Depending on the platform, you can work on hourly or fixed-price jobs. You can set your rate and decide how much you want to charge clients for different skills. Some skills are in higher demand than others, but as you gain experience and become an expert at what you do, you can start charging more. The Hourly Rates Guide can give you an idea of the market rate for different skills on Upwork.

Deciding what freelancing site to use will likely come down to the quality and types of jobs available, as well as the overall user experience.

Upwork

Freelancers on Upwork earned over $3.8 billion in 2022 across 10,000 skills and over 125 categories. On Upwork, you can submit proposals to projects that clients post on the Talent Marketplace™ or list your services on Project Catalog™ and let the clients come to you.

Over 30% of the Fortune 100 use Upwork to find independent professionals. This allows freelancers to send proposals and accept offers for a wide variety of projects to keep the work interesting as they develop new skills.

Clients can pay freelancers hourly or per project. Hourly contracts have payment protection, and freelancers can track their hours using the desktop app. When working on fixed-price projects, the client fully funds the project in escrow before the freelancer starts. Funds are released after the client approves or 14 days pass, whichever comes first.

Upwork freelancers can also benefit from AI tools and features powered by Uma™, Upwork’s Mindful AI. Uma is ready to be your companion through every leg of your freelance journey, from writing your proposals (Proposal Tips) to completing your jobs more efficiently (Upwork Chat Pro, powered by OpenAI’s GPT-4).

Uma has been customized with proprietary data from the Upwork marketplace and, in the coming months, will be fine-tuned so that it can increasingly meet your needs in a rapidly changing market. Uma uses its training from data on the Upwork marketplace and pairs that with your specific goals, history, and experience to develop on-demand support tailored to your needs.

All you have to do to get started on Upwork is create your free account. Fill out your profile and then submit proposals to projects that are a good fit for your skills.

Fiverr

Fiverr started as a gig platform for smaller transactions, like creating a logo for just $5, which is where the name comes from. Today, freelancers can sell their services for a fixed price, offering different tiers of service and cost. Fiverr charges a 20% service fee to freelancers.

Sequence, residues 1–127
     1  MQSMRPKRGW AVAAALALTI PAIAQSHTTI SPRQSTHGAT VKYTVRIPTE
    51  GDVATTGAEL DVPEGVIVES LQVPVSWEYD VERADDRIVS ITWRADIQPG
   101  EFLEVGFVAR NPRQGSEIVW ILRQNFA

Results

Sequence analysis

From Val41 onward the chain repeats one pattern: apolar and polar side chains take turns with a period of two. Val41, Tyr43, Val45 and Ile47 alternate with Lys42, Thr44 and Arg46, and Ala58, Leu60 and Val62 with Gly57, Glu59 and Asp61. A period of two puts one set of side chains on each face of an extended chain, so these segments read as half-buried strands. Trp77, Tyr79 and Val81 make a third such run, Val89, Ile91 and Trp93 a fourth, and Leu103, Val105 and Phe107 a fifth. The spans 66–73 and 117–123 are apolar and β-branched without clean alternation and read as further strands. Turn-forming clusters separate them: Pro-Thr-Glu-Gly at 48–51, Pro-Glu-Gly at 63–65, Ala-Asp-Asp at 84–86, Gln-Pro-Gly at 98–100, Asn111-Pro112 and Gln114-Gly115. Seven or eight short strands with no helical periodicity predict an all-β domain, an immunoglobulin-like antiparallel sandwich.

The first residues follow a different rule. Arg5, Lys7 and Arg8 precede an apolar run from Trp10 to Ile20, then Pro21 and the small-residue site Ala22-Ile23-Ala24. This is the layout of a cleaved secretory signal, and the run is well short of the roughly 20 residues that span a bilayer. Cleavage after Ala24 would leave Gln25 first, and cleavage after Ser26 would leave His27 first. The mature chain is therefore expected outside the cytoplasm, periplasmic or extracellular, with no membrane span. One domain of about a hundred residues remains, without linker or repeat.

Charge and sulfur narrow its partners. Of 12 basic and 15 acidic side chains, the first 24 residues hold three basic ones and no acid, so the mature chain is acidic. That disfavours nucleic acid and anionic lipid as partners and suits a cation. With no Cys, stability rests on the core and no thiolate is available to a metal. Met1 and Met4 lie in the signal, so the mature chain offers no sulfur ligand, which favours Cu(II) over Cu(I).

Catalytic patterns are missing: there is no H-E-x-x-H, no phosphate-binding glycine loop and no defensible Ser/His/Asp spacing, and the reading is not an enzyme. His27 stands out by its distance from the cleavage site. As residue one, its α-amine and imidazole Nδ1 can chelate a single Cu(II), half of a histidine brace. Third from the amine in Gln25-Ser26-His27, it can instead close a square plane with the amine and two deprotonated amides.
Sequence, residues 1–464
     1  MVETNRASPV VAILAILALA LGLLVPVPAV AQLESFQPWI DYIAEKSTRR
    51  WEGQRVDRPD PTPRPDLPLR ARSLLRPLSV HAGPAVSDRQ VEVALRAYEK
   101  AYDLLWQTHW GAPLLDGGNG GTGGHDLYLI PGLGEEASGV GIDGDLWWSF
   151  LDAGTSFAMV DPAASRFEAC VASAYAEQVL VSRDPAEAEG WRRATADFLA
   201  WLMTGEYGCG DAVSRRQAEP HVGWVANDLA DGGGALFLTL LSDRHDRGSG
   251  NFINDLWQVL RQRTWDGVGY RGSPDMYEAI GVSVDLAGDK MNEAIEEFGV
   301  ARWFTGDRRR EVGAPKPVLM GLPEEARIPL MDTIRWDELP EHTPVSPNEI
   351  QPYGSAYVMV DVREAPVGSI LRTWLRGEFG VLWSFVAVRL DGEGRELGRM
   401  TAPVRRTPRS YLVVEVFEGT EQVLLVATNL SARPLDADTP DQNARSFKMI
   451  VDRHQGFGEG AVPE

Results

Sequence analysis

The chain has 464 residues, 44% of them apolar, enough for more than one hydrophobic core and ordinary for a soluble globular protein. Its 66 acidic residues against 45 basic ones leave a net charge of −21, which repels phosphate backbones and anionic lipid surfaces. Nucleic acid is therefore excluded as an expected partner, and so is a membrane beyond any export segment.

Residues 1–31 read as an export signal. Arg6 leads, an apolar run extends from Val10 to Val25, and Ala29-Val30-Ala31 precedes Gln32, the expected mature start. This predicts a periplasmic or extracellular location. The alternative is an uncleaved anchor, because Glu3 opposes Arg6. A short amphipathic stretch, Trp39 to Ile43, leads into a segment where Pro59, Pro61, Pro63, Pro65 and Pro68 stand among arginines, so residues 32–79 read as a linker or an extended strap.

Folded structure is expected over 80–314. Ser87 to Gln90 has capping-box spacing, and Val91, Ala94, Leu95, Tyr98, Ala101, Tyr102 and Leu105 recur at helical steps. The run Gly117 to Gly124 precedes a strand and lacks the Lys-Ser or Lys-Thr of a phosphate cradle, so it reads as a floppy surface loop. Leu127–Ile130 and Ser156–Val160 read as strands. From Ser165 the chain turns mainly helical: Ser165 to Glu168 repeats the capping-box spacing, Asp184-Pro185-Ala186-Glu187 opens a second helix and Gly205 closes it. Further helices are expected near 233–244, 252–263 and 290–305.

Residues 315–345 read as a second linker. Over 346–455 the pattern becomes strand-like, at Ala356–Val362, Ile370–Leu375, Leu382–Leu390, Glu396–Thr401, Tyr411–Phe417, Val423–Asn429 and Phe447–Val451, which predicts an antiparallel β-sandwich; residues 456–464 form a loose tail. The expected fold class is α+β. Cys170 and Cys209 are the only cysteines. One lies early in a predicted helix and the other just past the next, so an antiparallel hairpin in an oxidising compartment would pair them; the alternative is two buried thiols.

When you list your service as a seller (freelancer), you let the buyer (client) know what you need from them beforehand. Once they pay for the service, the funds are released to you after delivery. The buyer can leave an optional tip afterward. While the price doesn't have to be just $5 anymore, many freelancer services are smaller and lower-cost projects.

Unlike Upwork, Fiverr only allows fixed-priced projects and doesn’t have a talent marketplace. Fiverr buyers shop for sellers' services rather than posting their projects and interviewing candidates. The platform doesn't support hourly or long-term contracts.

Freelancer.com

Freelancer.com is another option for both hourly and fixed-price freelance projects. You can bid on client projects, submitting your best "pitch." If you want to freelance in person, Freelancer.com has an option for clients to post projects that require being physically at the location, like handing out flyers or doing photoshoots.

Freelancer.com has a 10% service fee for using the platform, and offers perks like payment protection. Unlike Fiverr and Upwork, independent professionals don’t have the option to market their pre-packaged fixed-price services. Freelancers have to submit bids or enter their work into contests.

Freelancer.com contests are a way for freelancers to get feedback from clients and network. Multiple freelancers can submit their work for review, but only the winning submission gets paid for the contest. Clients use this to evaluate freelancers and crowdsource.

Task and odd-job apps

Another type of gig app is for tasks and odd jobs. Many of these tasks and assignments are in-person, but you may find some virtual options. Users on these apps need help with issues like assembling furniture, moving, dog walking, and pet sitting. If you're handy and good at fixing things or putting them together, you can offer your services. Work when you have free time and choose the different types of projects you want to take on.